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Re-Constructing and Re-Imagining the Matriarchal Community of Mahari-Devadasis: Gender, Subalternity and Human Rights Projects in Postcolonial India (1947 – 2015)

Funding organisation: Swiss National Science Foundation (SNSF)
Timeline: 2022-2024
Budget: 204'136 CHF
Keywords: Gender and Sexuality, Subalternity, Human Rights, International Development, Postcolonial Studies, South Asia, Social and Cultural History, International History

This research focuses on the historical evolution of legal and policy discourses related to prostitution, trafficking and sex worker rights in postcolonial India. In particular, it focuses on the effects of state policing paradigms upon the now-extinct, matriarchal community of temple-dancers called Mahari-Devadasis in the Jagannath Temple of Puri, Orissa [‘Mahari’ being the localised name for Devadasis i.e. temple-dancers in the Indian subcontinent]. These women were the creators of the classical dance form Odissi, being conceptualised and criminalised as ‘prostitutes’ in colonial India. This categorisation continued under independent rule in India, contributing to pervasive discrimination against Devadasis and forcing many to turn towards prostitution to support themselves and their families. Subsequently, the present-day form of the Devadasi System (although extinct in the state of Orissa) still exists across several states in western and southern India, and has devolved from an elite cultural practice of dance rituals performed in temples, into a form of commercial sex work.

Using the Mahari example as a case study into themes of gender, sexuality, and human rights, the research thereby examines the historical processes of disenfranchisement afflicting such actors located at the margins of civil society, and analyses the various approaches that international development organisations (ILO, WHO, ICRC) adopt in dealing with their rehabilitation. In exploring how such experiential narratives from the margins can enrich humanitarian initiatives, the research contributes towards academic debates on gender, humanitarian paradigms, minority rights and civil society movements.

As the Devadasi community has historically been classified and criminalized as “religious prostitution” in colonial and postcolonial India, this research shall firstly engage with bottom-up sources of popular culture and collective memory towards informing a more representative/inclusive account of this community. Secondly, a multifaceted research design will be deployed in juxtaposing the protocols of international humanitarian organizations with ethnographic perspectives from the field. Thirdly, the material and discursive significance of this study towards fields of gender, human rights, minority rights and rehabilitation projects, will be evaluated.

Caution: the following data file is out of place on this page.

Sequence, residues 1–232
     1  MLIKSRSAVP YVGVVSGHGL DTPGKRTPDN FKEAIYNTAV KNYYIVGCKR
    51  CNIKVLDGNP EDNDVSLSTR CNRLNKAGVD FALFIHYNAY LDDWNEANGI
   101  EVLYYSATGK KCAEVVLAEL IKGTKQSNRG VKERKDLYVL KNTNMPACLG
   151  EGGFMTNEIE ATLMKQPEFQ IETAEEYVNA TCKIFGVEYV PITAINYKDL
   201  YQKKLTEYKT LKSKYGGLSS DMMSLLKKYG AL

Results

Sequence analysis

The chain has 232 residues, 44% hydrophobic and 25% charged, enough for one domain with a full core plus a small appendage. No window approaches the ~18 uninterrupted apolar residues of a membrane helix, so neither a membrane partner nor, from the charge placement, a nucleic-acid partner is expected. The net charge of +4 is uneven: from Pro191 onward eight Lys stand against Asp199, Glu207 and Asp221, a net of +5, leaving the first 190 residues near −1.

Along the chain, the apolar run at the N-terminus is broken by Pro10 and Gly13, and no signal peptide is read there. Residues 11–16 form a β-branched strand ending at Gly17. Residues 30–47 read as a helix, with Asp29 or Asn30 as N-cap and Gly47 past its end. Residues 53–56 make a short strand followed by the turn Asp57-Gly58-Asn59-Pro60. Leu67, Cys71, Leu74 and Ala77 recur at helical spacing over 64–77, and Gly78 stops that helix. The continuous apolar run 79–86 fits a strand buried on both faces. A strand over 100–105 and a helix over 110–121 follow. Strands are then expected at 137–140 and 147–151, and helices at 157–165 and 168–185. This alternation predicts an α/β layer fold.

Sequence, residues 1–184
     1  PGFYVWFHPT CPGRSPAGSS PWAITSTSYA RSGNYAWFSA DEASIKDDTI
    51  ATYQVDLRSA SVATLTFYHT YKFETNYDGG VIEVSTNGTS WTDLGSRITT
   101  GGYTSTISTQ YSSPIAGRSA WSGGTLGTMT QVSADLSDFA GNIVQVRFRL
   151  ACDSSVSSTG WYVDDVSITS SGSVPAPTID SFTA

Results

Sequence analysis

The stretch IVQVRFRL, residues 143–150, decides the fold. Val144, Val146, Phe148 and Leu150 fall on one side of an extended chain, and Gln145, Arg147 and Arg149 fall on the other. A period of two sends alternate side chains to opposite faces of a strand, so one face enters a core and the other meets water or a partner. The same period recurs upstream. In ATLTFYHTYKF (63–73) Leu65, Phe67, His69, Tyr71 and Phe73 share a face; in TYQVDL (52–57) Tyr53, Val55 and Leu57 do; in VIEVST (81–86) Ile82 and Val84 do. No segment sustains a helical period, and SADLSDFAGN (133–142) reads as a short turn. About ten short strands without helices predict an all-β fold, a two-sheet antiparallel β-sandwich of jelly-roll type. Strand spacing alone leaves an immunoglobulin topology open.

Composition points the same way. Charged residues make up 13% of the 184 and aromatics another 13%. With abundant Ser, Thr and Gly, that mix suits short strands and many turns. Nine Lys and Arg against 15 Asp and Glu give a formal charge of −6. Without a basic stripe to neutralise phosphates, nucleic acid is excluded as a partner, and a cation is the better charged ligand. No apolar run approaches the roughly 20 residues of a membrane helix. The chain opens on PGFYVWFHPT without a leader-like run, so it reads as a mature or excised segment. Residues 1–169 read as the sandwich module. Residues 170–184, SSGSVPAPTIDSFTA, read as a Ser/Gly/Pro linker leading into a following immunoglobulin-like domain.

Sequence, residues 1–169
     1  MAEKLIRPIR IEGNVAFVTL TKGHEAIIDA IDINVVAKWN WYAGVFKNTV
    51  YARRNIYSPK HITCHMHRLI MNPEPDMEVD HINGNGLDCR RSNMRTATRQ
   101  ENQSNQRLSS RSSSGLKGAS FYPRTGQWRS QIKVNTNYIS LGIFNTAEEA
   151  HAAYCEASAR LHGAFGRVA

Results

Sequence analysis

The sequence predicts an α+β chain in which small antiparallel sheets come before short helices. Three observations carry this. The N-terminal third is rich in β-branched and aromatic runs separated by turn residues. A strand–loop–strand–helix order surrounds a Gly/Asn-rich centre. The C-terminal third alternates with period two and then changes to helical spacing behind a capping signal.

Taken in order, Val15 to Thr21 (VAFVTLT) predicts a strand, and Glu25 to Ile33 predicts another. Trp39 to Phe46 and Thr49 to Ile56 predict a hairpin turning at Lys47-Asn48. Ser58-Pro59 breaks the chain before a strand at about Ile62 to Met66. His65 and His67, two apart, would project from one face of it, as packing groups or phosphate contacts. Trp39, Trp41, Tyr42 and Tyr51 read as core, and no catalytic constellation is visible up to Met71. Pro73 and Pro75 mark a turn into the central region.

The following questions guide this research:

  • How has the independent Indian nation-state as well as the Orissa State Government approached the Mahari-Devadasi community? What laws and policies have the State and Central Governments both enacted towards their reform, rehabilitation, and/or integration into civil society? How have these policies both at the state and national level impacted the material realities shaping women’s lives?
  • Consequently, what were Maharis’ adaptation, mobilization, and resistance strategies against such forms of institutional discrimination? Thereafter, what have been some of the shifts in collective memory in Orissa with the extinction of this group? How do Oral Histories help inform such mutating contours of collective memory and social change?
  • Along these lines, how can such micro/regional perspectives enrich the workings of national and international reforms on minority rights?

Patnaik, Shriya. 2024. Marginalizing the Matriarchal, Minority Subject. In Borders. Physical, Social and Cultural. (Ed.) R. Srinivasan. Delhi: HOW Academics.

Patnaik, Shriya. 2023. Exploring the Contested and Controversial Nature of the Sex Industry in India: Experiential Encounters by Sex-Workers from the Periphery. In: Ojha, A., Jaiswal, P. (eds) South Asian Women and International Relations. Palgrave Macmillan, Singapore.

Patnaik, Shriya. 2023. Sex-workers Defying Patriarchy and Challenging State Reform and Rehabilitation Projects in India: Voices from the Margins. Feminist Encounters: A Journal of Critical Studies in Culture and Politics. 7(1).

Shriya Patnaik, 2021. The Lost Life Stories of Mahari-Devadasis in Postcolonial India (1947-2015), Borderlines.

Shriya Patnaik, 2021. Marginalizing the Matriarchal, Minority Subject: A Critical Analysis of Human Rights and Women’s Reform Projects in Colonial and Postcolonial India through the Case-Study of the ‘Mahari-Devadasi’. Electronic Journal of Social and Strategic Studies, Special Issue. 59-88. DOI: 10.47362/EJSSS.2021.2105

Shriya Patnaik. 2021. The Invisible Voices of India’s Informal Sector Sex Workers. LSE South Asia Centre Blog.

Shriya Patnaik. 2020. The Missing Life Stories of India’s Sex Workers. Graduate Institute Gender Centre.

The Minority Question: A Critical Analysis of Gender, Human Rights, and Women’s Reform Projects in Colonial and Postcolonial India Through the Figure of the ‘Mahari Devadasi’

SNIS interview with Shriya Patnaik